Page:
TELL FIVE PEOPLE: STOPASIANCARP.COM

Now you can do even more. Please forward this email to five friends or family members, one for each of the Great Lakes , asking them to sign the petition at StopAsianCarp.com.

We need to act because the U.S. Supreme Court declined this week to close the locks in Chicago that can stop Asian carp from entering the Lakes, ignoring Michigan 's pleas and those of Ohio , Minnesota , Wisconsin , Pennsylvania , New York and Ontario .

Making things worse, it was revealed federal authorities knew of new DNA evidence of Asian carp IN LAKE MICHIGAN but did not make the Court aware before it made its decision.

The front door to Lake Michigan remains wide open even as these waterborne aliens threaten to devastate the Lakes' $7 billion fishery and hundreds of thousands of jobs connected to the health of the Lakes. The need for each of us to act has never been greater.

TELL FIVE PEOPLE: STOPASIANCARP.COM

Please forward this email right now to five friends or family members, asking them to visit StopAsianCarp.com and sign the petition demanding authorities in Washington D.C. and Illinois act today.

That's telling one friend about www.StopAsianCarp.com for each of the Great Lakes . Please help us sound this critical alarm.

Thank you,


Mike Cox
Michigan Attorney General

Wednesday, January 20, 2010

Mass Backwards


I could write a lengthy blog about my disappointment at my state's election results. But instead I will leave you with this link to Jon Stewart's Monday night clip: Mass Backwards. It kind of sums up how I feel, and it's at least giving me a good laugh, which I need right now as I think of all the uninsured people, and children, that are out there in this country. I am glad to live in a Commonwealth that takes care of its citizens by providing affordable health care. Many of my friends use Mass Health and are very grateful for the program.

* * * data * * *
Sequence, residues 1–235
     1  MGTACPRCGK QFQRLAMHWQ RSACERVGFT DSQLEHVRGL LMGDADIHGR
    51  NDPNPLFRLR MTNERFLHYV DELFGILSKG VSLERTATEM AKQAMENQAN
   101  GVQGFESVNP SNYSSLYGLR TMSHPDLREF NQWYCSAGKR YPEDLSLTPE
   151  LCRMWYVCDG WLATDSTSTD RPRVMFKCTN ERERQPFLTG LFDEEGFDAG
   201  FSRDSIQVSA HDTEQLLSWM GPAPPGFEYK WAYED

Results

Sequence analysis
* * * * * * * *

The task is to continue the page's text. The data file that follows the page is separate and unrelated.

So I hope you enjoy a laugh and that you aren't one of the thousands who worry about how they're going to pay for their health care. And I hope, for the rest of the country who stands with me on this issue, that next time Massachusetts can put forth a better Democratic candidate that will get the job done.

Tuesday, January 19, 2010

Myopia sled dog races!!

YES! Sled dog racing on the north shore of Massachusetts! Last month, when my husband and I saw the sign hanging across the entrance to the Myopia Hunt Club (more well-known for their summer polo matches) we almost jumped out of our seats. How cool would it be to see a real dog sled race!

This past Saturday the day came, we packed Lizzie up in warm clothes and headed to neighboring Hamilton for the Myopia Sled Dog Races. The first thing I noticed is that a lot of the dogs weren't your typical Alaskan Sled Dog, huskies or malamutes. Most of them looked more like this adorable guy:

But there were more typical sled dogs, some of them already linked together waiting for their race: Unfortunately, our toddler only lasted an hour so we only got to see the Skijoring. Skijoring? Yup, that's the sport where a cross country skier is pulled by one or two dogs. Sounds odd, but when my husband saw the first racer enter the final stretch he said, "that's the BEST sport EVER!" And it did look pretty cool.


I think our toddler didn't last long because she wore herself out running around. She was excited because the club bulldozed the snow away from the viewing area and it was the first time she was able to walk around outside (without being caught in a snowdrift) since she learned to walk last month.

So we never got to see the 4 and 8 dog professional races head out. But it was a beautiful day, you could wander around and get up close to all the racing dogs, everyone was friendly - especially the people that Lizzie ran into when she was running around in circles.

And thanks to the New England Sled Dog Club for making it a free event! We hope it comes back to Massachusetts next year, you might just see my husband skijoring, now if we only had a trained sled dog...